5. hoggy

    hoggy TS Member

    Joined:
    May 9, 2006
    Messages:
    1,261
    Makes one wonder why LUP is still used in some load references. Were these stats done so long ago that we should NOT use them for reloading? Why have so many of these loads not been redone in PSI's?
     
  6. j2jake

    j2jake Well-Known Member

    Joined:
    Jan 29, 1998
    Messages:
    2,284
    Thanks Guys! I knew there was information out there! Jake
     
  7. mixer

    mixer Well-Known Member

    Joined:
    Jan 29, 1998
    Messages:
    3,386
    Location:
    Coral Springs, Florida
    Copied from Wikopedia:



    "Comparing units
    While CUP and LUP numbers were intended to be comparable to the crushing power of a given pressure in psi, the numbers are not equivalent! Since a longer duration, lower pressure pulse can crush the cylinder as much as a shorter duration, higher pressure pulse, CUP and LUP pressures frequently register lower than actual peak pressures (as measured by a transducer) by up to 20%. For example, the SAAMI maximum pressure for the 7.62 x 51 mm is given as 52000 psi (CUP), or 62000 psi (430 MPa); the .45-70, on the other extreme, is listed as 28000 in both CUP and psi (190 MPa). SAAMI standards for a given cartridge may be expressed in CUP units, LUP units, or in standard units of pressure (psi or MPa).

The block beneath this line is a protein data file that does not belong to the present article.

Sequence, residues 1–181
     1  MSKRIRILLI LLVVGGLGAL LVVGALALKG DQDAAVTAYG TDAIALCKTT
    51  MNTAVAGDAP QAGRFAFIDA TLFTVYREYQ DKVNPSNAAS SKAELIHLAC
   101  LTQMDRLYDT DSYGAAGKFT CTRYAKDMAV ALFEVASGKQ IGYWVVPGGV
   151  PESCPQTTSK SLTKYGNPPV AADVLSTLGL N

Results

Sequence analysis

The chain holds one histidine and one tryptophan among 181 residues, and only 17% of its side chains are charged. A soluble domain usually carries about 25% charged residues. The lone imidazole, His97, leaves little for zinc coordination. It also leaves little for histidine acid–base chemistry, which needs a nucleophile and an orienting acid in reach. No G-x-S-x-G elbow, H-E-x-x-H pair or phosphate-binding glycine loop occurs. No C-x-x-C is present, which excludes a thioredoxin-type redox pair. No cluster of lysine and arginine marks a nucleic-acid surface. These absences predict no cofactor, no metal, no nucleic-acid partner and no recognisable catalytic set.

CUP and LUP pressures vs. transducer pressures